Despite it being such a buzzword at the moment, a lot of people understand it to be getting your head down and working hard, rather than smart. However, a good time management definition needs to include a targeted plan of how to use time to your team’s advantage.
There are so many time management tips out there, but sometimes taking a step back is as good as charging forward. That is where asynchronous thinking comes in.
Despite the big four-syllable word, pinpointing an asynchronous communication definition is fairly simple. In short, it is any form of communication that does not require an immediate response. Emails are the most obvious example, while instant messages and chat functions are normally understood to be “synchronous” forms of communication.
Let’s first make it clear that nobody is saying you should cancel all your synchronous communication. Urgent conversations and collaborative projects often need meetings, phone calls, and instant messaging from a practical point of view.
However, incorporating more asynchronous methods in your team has the double whammy of reducing pressure on your team and boosting productivity.
People need to have a separation between work and their day-to-day life to avoid burnout, so being more practical about personal and team time management means everybody wins. In this era of mobile connectivity, that separation has already been blurred to the point that big companies are giving their entire staff weeks off to properly get off the clock and focus on their mental health.
And it helps your company too. By dropping the futile need for constant communication, your team can use longer stretches of their day for focused work.
So with the advantages clear to see, read on to discover our four secrets for how asynchronous communication can improve your team’s time management.
Most workers have a horror story or two of receiving some “quick changes” that turn into a stream of confused consciousness blasted at them over the phone. This style of working is not just stressful, it’s almost impossible to avoid things falling through the cracks.
Instant messaging and phone calls certainly have their place, but every time you switch tasks to respond, you are distracting yourself. As a result, you find yourself never fully concentrating on your work because you are constantly checking your messages.
Rather than pinging instant messages back-and-forth, you can use collaborative docs so that everybody can make changes in their own time. Not only will you and your colleagues be able to focus on one task at a time, but you’ll avoid a heap of miscommunications.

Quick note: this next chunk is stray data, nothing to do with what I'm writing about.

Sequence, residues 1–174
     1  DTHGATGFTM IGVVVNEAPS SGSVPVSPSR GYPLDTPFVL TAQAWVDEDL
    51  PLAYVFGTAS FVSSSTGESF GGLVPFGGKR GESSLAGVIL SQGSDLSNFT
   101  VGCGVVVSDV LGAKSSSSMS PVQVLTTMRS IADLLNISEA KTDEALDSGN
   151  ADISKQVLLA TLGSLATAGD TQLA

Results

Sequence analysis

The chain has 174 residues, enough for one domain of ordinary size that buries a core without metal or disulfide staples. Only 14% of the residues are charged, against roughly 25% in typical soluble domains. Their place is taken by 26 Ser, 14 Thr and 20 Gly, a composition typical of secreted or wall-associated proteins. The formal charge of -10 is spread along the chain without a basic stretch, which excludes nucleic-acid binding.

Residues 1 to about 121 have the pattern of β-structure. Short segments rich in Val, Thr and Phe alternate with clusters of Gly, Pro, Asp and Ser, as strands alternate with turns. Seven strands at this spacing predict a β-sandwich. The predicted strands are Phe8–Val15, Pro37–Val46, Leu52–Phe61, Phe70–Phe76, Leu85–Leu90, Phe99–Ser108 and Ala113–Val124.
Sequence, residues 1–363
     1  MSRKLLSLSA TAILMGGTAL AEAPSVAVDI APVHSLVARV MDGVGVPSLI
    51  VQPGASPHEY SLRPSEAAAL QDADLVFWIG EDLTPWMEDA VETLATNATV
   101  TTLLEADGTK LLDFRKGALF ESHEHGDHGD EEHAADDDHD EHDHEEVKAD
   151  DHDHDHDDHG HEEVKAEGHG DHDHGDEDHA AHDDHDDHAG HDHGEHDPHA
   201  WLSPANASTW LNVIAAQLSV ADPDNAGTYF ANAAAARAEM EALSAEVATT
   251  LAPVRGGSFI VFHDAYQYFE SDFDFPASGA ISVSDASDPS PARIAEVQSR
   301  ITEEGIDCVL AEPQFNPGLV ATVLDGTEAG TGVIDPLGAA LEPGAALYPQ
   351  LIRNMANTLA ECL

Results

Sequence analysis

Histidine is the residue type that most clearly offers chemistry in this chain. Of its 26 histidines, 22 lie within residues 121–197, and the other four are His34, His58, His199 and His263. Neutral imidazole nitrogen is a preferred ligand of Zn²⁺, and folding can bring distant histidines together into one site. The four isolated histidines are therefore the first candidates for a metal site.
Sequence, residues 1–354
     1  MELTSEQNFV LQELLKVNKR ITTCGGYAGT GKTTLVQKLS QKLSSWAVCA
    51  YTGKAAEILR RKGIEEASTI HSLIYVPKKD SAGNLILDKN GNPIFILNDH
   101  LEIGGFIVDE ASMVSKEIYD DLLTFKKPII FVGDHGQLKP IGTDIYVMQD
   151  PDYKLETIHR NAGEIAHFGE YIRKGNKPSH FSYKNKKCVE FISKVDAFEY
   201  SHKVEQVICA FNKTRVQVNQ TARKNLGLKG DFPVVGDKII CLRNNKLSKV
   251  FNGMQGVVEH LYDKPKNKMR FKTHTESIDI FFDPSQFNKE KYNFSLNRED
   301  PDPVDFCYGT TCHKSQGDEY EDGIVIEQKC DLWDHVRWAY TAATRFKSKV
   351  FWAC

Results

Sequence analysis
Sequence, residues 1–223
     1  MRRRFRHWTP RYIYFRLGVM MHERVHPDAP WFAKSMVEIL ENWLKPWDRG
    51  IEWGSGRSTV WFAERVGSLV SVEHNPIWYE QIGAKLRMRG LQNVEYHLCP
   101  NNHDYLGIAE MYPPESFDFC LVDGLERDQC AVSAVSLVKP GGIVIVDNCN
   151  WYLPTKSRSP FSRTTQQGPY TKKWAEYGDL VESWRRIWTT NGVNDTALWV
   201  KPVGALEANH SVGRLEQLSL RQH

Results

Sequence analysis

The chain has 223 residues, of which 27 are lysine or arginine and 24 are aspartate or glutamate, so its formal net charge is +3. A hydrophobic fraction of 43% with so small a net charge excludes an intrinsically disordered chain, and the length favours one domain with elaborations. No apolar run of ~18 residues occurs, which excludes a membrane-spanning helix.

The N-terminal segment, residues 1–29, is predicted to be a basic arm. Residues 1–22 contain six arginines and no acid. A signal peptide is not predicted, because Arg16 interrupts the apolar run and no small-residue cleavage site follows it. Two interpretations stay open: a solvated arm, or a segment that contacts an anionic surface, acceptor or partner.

It might sound like it's too good to be true, but you really don’t need to work a fixed nine to five.
To put it in perspective, you can’t expect people in Los Angeles to be working at the same time as their counterparts in Berlin. Sure, if you're in a customer service department with fixed hours, it’s a different story. But if you’re in a marketing department, do you really need to be working at the exact same time as everybody else?
This isn’t to say you can slack off and work a four-hour week with no consequences. Implement time tracking tools to make sure people are still putting in the hours, while allowing everybody to work at their own rhythm. This is especially important for parents and even allows you to get to the post office or the dentist without worrying about your boss breathing down your neck.
As mentioned previously, our addiction to instant messaging has come due to the influx of apps available to do it. We don’t use quick-fire communication because it’s good, but because it’s easy.
Teams that have already moved to a more asynchronous mindset have found that by slowing things down, the actual quality of their communication improves. Instead of impulsive responses that haven’t been fully thought through, you get well-planned emails with clear instructions and screenshots to explain. Soon you’ll find that an impulsive instant message makes no sense.
Similarly when you know you can’t spring a last-minute surprise task on someone at 5 p.m. on a Friday, you breed a culture of forward planning. This helps your team have a clearer idea of their tasks — reducing stress and boosting motivation.
One of the benefits (or perhaps the only benefit) of accelerated instant communication is that with the barrage of messages, people don’t forget about their tasks. With slower communication and more distant deadlines, it is easy for your team to let things slip — so make sure to get in first and stop that from happening.
By using Bitrix24’s project management tools, you can assign a detailed task with a deadline and send automatic reminders rather than pinging instant messages to your colleagues. This also serves as a record of every task, so when it comes to repeated jobs, you’re ready to go!
Let’s face it, nobody is winning in this game of constant connectivity. Workers feel stretched, they have difficulty focusing, and the rapid communication that does take place is inefficient and overwhelming. So when you’re thinking about how to improve time management, take into account that a more common-sense approach in how you communicate can be that silver bullet.
However, you can’t simply float the idea of asynchronous messaging and expect everybody to adopt it straight away. Changing your company culture by using better time management skills takes a lot of sustained work, but it is worth the effort. Modern managers, especially those in charge of remote teams, must resist the urge to focus on instant responses rather than results. Synchronous communication is becoming a serious issue for all kinds of teams, so by adopting our four secrets for better time management, you can break the cycle. So save your time, energy, and mental health and push for more asynchronous communication.